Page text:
Book Review: Sofie and Cecilia by Katherine Ashenburg

I picked up the ARC for Sofie and Cecilia by Katherine Ashenburg at the OLA Super Conference. The blurb on the back of the book intrigued me as it promised to introduce me to the lives of celebrated Swedish artists Carl Larsson and Anders Zorn. What interested me even more was that the author chose to focus on the rich stories of the wives of these well-known men: the restlessly creative Sofie Olsson and the fiercely private curator Cecilia Vogt.

The book gives detail about art, design, European history, sexual politics, country life, and the salons of Sweden. In addition, Ashenburg weaves within her story a rich tapestry of female friendship that unfolds in unexpected ways over a lifetime.

While reading the novel – especially the first half during the description of Sofie’s life – I learned at lot about how women artists were regarded in Europe in the 1800s. Women were expected to give up their art once married. In addition, they were expected to focus on the more ‘genteel’ subjects (which did not include painting/drawing the human form). While reading the novel, I could not help by think of my daughter who plans to be an artist.

The novel is beautifully written. The description of the women’s lives is told with clarity. This read is not a fast-paced one and is instead a literary type of book that causes the reader to reflect a little on the role of women in society during the time period described. It took me a while to become invested in the story but my interest was maintained due to the subject matter and the author’s indirect comment on women artists during this time period.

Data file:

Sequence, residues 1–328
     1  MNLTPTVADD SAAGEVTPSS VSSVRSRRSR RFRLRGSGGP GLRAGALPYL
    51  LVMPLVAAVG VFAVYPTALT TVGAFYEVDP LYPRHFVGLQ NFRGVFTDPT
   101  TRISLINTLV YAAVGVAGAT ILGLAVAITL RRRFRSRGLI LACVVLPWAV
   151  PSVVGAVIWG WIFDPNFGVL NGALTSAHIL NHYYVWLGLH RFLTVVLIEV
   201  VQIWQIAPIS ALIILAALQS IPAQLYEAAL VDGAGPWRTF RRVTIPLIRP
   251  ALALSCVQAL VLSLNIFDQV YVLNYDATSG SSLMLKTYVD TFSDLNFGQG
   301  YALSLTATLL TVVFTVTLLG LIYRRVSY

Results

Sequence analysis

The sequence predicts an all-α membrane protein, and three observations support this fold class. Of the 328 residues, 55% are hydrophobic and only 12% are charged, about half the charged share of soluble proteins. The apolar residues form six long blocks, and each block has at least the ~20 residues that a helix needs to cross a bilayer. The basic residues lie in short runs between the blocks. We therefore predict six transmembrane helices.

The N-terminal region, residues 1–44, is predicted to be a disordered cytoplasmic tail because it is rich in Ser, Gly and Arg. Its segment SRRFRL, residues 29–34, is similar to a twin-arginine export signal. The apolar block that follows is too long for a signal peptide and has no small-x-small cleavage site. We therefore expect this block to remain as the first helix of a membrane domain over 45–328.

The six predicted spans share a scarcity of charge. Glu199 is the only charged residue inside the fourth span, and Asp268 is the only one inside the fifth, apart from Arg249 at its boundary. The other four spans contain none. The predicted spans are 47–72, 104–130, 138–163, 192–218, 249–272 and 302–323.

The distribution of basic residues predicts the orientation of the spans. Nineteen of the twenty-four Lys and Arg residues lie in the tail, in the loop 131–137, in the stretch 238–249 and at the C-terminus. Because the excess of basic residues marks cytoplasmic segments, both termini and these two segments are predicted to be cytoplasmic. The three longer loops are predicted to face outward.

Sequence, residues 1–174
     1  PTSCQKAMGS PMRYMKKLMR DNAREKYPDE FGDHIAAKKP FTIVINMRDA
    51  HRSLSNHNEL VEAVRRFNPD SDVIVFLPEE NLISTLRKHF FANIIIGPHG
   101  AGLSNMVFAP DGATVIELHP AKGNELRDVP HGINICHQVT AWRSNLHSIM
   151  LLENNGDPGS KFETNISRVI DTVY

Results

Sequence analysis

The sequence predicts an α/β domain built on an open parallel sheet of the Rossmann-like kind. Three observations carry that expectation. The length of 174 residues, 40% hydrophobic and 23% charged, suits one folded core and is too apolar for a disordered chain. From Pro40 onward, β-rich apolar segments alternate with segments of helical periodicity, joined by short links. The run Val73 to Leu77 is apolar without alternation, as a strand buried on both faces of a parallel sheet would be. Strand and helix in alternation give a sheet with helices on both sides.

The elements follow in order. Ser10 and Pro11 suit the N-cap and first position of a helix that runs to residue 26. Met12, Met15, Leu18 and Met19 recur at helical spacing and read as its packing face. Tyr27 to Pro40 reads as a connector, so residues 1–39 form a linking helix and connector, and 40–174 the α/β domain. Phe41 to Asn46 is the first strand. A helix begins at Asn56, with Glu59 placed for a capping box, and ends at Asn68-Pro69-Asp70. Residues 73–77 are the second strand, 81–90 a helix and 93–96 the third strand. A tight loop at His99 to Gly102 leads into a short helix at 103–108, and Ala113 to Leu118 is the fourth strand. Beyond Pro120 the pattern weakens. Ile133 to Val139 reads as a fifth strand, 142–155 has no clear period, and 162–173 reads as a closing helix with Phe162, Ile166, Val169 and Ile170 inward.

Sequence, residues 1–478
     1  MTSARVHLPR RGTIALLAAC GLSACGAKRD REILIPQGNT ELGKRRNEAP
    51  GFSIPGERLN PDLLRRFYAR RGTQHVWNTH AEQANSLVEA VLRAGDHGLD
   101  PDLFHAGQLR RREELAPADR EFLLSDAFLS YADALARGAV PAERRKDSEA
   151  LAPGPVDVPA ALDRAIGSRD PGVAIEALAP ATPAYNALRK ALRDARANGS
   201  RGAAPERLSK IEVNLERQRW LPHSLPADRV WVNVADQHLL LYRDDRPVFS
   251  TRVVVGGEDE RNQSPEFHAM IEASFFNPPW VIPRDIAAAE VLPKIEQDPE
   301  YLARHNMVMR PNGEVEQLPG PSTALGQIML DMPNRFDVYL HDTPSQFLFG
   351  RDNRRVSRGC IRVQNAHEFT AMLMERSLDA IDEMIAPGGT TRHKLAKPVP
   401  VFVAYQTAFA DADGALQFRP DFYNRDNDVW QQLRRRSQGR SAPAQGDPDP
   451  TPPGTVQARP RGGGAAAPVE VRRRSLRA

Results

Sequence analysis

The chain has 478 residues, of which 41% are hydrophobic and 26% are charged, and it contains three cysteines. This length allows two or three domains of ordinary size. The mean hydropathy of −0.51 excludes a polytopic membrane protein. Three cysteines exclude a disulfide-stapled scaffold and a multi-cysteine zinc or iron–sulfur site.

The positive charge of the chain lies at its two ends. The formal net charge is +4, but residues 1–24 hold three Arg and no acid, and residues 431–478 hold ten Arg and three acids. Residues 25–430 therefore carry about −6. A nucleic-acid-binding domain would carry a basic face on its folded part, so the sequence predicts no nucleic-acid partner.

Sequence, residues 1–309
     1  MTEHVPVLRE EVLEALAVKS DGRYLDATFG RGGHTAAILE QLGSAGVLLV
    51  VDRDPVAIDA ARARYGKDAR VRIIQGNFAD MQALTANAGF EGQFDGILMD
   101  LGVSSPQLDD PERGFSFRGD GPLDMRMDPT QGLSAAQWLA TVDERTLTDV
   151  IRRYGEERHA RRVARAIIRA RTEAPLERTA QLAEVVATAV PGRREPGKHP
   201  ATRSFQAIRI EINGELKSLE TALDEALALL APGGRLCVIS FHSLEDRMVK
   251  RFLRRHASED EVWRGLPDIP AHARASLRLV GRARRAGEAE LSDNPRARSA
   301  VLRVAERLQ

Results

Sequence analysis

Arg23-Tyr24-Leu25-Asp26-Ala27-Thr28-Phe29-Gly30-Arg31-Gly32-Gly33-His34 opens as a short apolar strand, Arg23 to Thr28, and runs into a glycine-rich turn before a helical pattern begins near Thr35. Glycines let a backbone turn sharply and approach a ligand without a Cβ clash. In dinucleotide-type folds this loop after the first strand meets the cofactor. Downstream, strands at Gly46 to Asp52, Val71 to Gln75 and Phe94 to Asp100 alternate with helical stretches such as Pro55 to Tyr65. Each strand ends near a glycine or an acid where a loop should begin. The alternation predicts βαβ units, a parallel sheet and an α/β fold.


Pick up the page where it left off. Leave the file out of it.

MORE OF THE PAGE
This historical novel is the perfect story for those who enjoy reading a little about a time period far from our current one. It is a slow read but one that is worth investing in.

I give this novel ⭐️⭐️⭐️⭐️ 4 stars

Do you enjoy reading historical novels depicting artists?

© Colline Kook-Chun, 2018

(This novel was the 35th in my 50 book pledge for 2018)


Book Review: Goodnight Nobody by Jennifer Weiner

When I picked up Jennif Weiner’s Goodnight Nobody, I dimly recalled reading one of her novels but could not remember the story. Reading the blurb on the back of this one, I was interested enough to turn the first page. The main character in the story is Kate Klein, a mother of three, who finds herself living in suburbia. Her once-loving husband is hardly ever home, the supermommies on the playground snub her, and her days are spent with three children under the age if five. A fellow mother is murdered and Katie launches an unofficial investigation – from 8:45 to 11:30 on Mondays, Wednesdays, and Fridays when the children are at nursery school.

The blurb promised not only a story of investigation, but also a tale that considers the choices that all modern women make as they navigate between independence and marriage, being a mother and having a life of one’s own. The promise, however, was not delivered.